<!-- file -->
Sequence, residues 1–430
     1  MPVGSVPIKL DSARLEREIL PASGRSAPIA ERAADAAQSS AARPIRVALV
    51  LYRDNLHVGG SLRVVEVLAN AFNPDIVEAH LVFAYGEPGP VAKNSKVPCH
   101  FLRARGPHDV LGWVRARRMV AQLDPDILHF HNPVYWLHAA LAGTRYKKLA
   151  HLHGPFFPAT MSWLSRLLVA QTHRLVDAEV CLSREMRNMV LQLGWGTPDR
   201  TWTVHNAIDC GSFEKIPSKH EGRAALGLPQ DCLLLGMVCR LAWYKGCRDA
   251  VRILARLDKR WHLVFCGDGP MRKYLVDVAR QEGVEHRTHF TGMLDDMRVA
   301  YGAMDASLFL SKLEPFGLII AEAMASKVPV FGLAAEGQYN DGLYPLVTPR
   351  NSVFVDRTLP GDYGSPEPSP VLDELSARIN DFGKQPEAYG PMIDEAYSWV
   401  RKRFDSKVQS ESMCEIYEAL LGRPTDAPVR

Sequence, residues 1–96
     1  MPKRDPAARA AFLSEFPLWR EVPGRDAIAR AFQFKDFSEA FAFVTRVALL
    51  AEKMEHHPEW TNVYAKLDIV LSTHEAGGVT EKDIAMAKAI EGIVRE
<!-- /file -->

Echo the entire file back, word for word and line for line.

Sequence, residues 1–430
     1  MPVGSVPIKL DSARLEREIL PASGRSAPIA ERAADAAQSS AARPIRVALV
    51  LYRDNLHVGG SLRVVEVLAN AFNPDIVEAH LVFAYGEPGP VAKNSKVPCH
   101  FLRARGPHDV LGWVRARRMV AQLDPDILHF HNPVYWLHAA LAGTRYKKLA
   151  HLHGPFFPAT MSWLSRLLVA QTHRLVDAEV CLSREMRNMV LQLGWGTPDR
   201  TWTVHNAIDC GSFEKIPSKH EGRAALGLPQ DCLLLGMVCR LAWYKGCRDA
   251  VRILARLDKR WHLVFCGDGP MRKYLVDVAR QEGVEHRTHF TGMLDDMRVA
   301  YGAMDASLFL SKLEPFGLII AEAMASKVPV FGLAAEGQYN DGLYPLVTPR
   351  NSVFVDRTLP GDYGSPEPSP VLDELSARIN DFGKQPEAYG PMIDEAYSWV
   401  RKRFDSKVQS ESMCEIYEAL LGRPTDAPVR

Sequence, residues 1–96
     1  MPKRDPAARA AFLSEFPLWR EVPGRDAIAR AFQFKDFSEA FAFVTRVALL
    51  AEKMEHHPEW TNVYAKLDIV LSTHEAGGVT EKDIAMAKAI EGIVRE